Who are You Thanking this Thanksgiving?

Who or what are they thanking on Thanksgiving? A sign at an elementary school caught my attention. It read, “Bless America.” The question that came to mind was, “Who or what are they calling on to bless America?” Even with the unabashed call for God to bless America, there is no specific God in mind. Is it Aristotle’s “Unmoved Mover”? How about Jefferson’s absentee landlord god?

What are children told about Thanksgiving in our nation’s government (public) schools? Ancient fish that evolutionists claim are our grandmothers? “Grandmother Fish is the first book to teach evolution to preschoolers.” Are children to thank the molecules that sprung into existence and evolved from “the primal goo to you”?

Grove City College Professor Paul Kengor recalls a conversation he “had with a friend who works in the children’s section at Barnes & Noble” and “regularly briefs [him] on the latest political correctness and rank secularism pervading today’s books.”

She told him that in all the books on Thanksgiving, only one mentioned that God was the one being thanked.

Kengor asked her, “What are they giving thanks to?”

“They’re just thankful,” she said vaguely. “They’re simply thankful.”

“Thankful for what?” Kengor asked.

She again emphasized: “They’re just thankful.”

Kengor asked her, “What are they giving thanks to?”

Thanksgiving’s Beginnings

In 1777, Congress issued a proclamation for a day of thanksgiving. A day was to be set aside for “solemn thanksgiving and praise.” The proclamation called upon all citizens to “join the penitent confession of their manifold sins,” and to offer “their humble and earnest supplication that it may please God through the merits of Jesus Christ, mercifully to forgive and blot them out of remembrance.”

On Thursday, September 24, 1789, the first House of Representatives voted to recommend–in its exact wording–the First Amendment of the newly drafted Constitution to the states for ratification. The next day, Congressman Elias Boudinot from New Jersey proposed that the House and Senate jointly request of President Washington to proclaim a day of thanksgiving for “the many signal favors of Almighty God.” Boudinot said that he “could not think of letting the session pass over without offering an opportunity to all the citizens of the United States of joining, with one voice, in returning to Almighty God their sincere thanks for the many blessings he had poured down upon them.”1

Roger Sherman spoke in favor of the proposal by reminding his colleagues that the practice of thanksgiving is “warranted by a number of precedents in holy writ [the Bible]: for instance, the solemn thanksgivings and rejoicings which took place in the time of Solomon, after the building of the temple…. This example, he thought, worthy of Christian imitation on the present occasion.”2

George Washington stated, “it is the duty of all nations to acknowledge the providence of Almighty God, to obey His will, to be grateful for His benefits, and humbly to implore His protection and favor.” He went on in his Thanksgiving Proclamation of October 3, 1789 to write, that as a nation “we may then unite in most humbly offering our prayers and supplications to the great Lord and Ruler of Nations, and beseech Him to pardon our national and other transgressions.”3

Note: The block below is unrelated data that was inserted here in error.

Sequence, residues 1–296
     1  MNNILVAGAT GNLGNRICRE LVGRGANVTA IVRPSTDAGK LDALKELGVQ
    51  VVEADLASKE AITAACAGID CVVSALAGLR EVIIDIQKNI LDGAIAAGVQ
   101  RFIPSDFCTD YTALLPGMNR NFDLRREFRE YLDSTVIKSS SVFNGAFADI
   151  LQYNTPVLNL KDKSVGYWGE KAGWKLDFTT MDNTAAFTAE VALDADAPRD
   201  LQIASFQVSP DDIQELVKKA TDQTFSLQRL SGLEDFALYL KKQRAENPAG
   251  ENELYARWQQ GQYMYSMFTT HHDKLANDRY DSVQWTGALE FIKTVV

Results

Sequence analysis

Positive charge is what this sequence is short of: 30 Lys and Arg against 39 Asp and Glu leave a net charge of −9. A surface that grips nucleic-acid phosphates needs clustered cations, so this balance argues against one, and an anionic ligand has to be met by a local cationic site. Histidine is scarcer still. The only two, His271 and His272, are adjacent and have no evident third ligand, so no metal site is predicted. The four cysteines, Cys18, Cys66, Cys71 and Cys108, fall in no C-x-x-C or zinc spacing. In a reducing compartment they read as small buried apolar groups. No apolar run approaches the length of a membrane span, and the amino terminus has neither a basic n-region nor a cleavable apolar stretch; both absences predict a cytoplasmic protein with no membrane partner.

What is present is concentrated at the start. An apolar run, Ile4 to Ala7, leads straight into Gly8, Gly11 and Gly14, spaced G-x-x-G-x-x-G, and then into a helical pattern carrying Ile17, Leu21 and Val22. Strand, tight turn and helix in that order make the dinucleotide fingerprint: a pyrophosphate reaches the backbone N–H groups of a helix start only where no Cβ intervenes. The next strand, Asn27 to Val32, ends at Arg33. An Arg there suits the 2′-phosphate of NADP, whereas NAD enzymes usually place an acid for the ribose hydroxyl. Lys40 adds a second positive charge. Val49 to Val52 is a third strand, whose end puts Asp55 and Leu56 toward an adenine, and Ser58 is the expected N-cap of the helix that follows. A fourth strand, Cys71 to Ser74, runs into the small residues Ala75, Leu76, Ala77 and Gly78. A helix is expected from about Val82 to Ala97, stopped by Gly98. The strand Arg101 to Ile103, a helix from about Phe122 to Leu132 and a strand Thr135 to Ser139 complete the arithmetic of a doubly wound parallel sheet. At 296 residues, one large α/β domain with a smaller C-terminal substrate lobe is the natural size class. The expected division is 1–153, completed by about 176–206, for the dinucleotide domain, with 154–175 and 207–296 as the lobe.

A People Full of Thanksgiving

The colonists of another era were aware of the many instances of thanksgiving celebrations found in “holy writ.” Thanksgiving, as it was practiced by the colonists, was a religious celebration that shared the sentiments of their biblical descendants, giving thanks to God for His faithful provision even in times of want. For these faithful people, giving thanks to God came naturally…

 

Read the Rest of this Important Story at GaryDeMar.com 

Gary DeMar

Gary DeMar was raised in the suburbs of Pittsburgh, Pennsylvania. He is a graduate of Western Michigan University (1973) and Reformed Theological Seminary (1979). He has served as researcher and writer at the Christian Worldview ministry American Vision since 1980 and President since 1984. Today he serves as Senior Fellow at American Vision where he lectures, researches, and writes on various worldview issues.
Gary is the author of 30 books on a variety of topics – from “America’s Christian History” and “God and Government” to “Thinking Straight in a Crooked World” to “Last Days Madness.”
Gary has been interviewed by Time magazine, CNN, MSNBC, FOX, the BBC, and Sean Hannity. He has done numerous radio and television interviews, including the “Bible Answer Man,” hosted by Hank Hanegraaff and “Today’s Issues” with Tim Wildmon and Marvin Sanders. Newspaper interviews with Gary have appeared in the Washington Times, Toledo (Ohio) Blade, the Sacramento Bee, the Atlanta Journal-Constitution, Marietta Daily Journal, San Francisco Chronicle, The Orlando Sentinel, and the Chicago Tribune.

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